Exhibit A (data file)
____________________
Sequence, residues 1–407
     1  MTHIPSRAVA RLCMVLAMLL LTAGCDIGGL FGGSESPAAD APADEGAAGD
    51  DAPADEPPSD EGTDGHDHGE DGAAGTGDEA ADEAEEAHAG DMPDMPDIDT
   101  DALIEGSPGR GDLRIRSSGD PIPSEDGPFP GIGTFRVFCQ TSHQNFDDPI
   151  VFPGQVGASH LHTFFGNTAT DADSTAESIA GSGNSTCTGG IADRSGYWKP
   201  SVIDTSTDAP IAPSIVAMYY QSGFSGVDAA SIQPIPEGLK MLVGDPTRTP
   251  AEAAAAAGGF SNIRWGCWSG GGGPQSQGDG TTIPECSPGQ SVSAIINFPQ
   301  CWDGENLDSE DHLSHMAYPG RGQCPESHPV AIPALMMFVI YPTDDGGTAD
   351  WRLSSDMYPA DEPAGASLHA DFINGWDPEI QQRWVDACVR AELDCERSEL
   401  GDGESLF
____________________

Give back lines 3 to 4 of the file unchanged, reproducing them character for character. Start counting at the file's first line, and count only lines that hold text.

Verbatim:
    51  DAPADEPPSD EGTDGHDHGE DGAAGTGDEA ADEAEEAHAG DMPDMPDIDT
   101  DALIEGSPGR GDLRIRSSGD PIPSEDGPFP GIGTFRVFCQ TSHQNFDDPI